The Supreme Court just struck down the federal Defense of Marriage Act (DOMA) in the case of United States v. Windsor. The end of DOMA marks a turning point in how the United States government treats the relationships of married same-sex couples for federal programs and laws that are linked to being married, including bankruptcy laws. In Maryland, for example, where same sex marriage is recognized, a same sex married couple should now be able to file a joint case. This means the couple can save money as they only need to pay one filing fee. They should also save money on legal fees because the attorney only needs to file one case for both parties. Both spouses will be able to use Maryland’s exemptions, including the powerful tenants by the entireties exemption.
While same sex couples who live in a state that does not respect their marriage (the couple got married in a state that allowed them to get married and they then moved to a state that does not recognize the marriage) may be able to file a joint bankruptcy case, it is not clear that what exemptions they will be able to use, as exemptions are based on state law. The Supreme Court’s ruling in Windsor applies only to the federal government, which is why it applies in bankruptcy cases as bankruptcy courts are federal courts and the law, with the exception of exemptions, is based on federal law. The ruling does not change state laws excluding same-sex couples from state-conferred marriage rights.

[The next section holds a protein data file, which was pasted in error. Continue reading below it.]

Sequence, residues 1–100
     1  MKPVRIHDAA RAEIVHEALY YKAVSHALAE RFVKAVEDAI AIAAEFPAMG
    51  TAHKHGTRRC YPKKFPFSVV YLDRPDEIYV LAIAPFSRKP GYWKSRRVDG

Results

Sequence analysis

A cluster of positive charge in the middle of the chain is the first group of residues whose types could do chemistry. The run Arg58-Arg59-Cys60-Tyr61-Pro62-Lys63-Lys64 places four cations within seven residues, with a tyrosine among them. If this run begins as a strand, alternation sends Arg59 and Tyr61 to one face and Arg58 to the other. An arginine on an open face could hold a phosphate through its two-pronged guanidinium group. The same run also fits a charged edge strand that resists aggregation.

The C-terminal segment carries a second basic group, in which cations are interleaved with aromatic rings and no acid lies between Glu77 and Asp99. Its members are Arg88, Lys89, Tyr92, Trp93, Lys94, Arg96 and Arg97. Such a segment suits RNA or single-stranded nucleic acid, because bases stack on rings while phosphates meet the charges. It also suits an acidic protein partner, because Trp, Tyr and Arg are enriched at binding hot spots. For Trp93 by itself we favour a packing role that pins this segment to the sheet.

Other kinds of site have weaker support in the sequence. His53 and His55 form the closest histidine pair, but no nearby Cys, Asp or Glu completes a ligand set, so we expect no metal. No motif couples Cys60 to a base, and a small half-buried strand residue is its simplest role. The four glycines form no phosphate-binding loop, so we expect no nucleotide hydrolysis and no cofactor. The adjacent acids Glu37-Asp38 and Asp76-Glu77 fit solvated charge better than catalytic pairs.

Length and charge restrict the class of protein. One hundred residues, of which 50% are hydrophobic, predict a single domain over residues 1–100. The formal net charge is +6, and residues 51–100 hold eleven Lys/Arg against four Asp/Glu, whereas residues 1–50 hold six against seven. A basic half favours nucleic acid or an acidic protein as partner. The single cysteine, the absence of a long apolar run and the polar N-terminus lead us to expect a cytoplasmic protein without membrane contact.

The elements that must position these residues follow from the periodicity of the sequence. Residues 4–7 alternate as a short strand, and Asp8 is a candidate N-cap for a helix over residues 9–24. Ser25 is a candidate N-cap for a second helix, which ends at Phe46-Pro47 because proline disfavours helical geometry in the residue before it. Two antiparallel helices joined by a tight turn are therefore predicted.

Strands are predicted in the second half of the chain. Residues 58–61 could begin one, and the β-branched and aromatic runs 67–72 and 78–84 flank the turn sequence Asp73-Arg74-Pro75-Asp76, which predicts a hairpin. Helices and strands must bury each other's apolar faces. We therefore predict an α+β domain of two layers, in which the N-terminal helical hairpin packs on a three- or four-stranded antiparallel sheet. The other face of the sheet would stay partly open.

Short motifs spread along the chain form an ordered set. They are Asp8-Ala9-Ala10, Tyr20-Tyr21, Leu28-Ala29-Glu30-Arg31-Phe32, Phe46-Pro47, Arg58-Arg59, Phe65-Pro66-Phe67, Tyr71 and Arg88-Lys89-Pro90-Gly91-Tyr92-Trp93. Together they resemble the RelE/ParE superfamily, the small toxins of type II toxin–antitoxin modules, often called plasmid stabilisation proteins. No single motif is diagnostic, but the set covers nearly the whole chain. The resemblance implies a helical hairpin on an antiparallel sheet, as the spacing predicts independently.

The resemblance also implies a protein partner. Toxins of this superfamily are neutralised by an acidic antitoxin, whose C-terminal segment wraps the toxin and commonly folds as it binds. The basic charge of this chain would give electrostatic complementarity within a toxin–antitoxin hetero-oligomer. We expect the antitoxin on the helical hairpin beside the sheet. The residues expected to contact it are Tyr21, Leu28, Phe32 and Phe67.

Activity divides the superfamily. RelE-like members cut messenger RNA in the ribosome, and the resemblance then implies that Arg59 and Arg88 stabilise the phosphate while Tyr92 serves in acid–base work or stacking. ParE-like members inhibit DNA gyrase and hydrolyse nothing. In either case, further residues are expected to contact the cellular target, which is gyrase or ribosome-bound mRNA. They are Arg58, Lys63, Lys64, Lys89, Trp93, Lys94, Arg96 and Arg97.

There is no federal statute or regulation that addresses how the bankruptcy courts are to determine whether a marriage is valid. A same sex couple may be recognized as married for bankruptcy purposes, and depending on when they moved, the law of their former home state might apply to determine their exemptions. It may take some time for the bankruptcy courts to sort out how they will handle joint filings by married couples in states that do not respect marriages of same-sex couples.
The ruling striking down DOMA will become effective 25 days from the date of the decision. Even when effective, federal courts and other federal agencies may need and take some time to change forms, implement procedures, train personnel, and efficiently incorporate same-sex couples into the spousal-based system.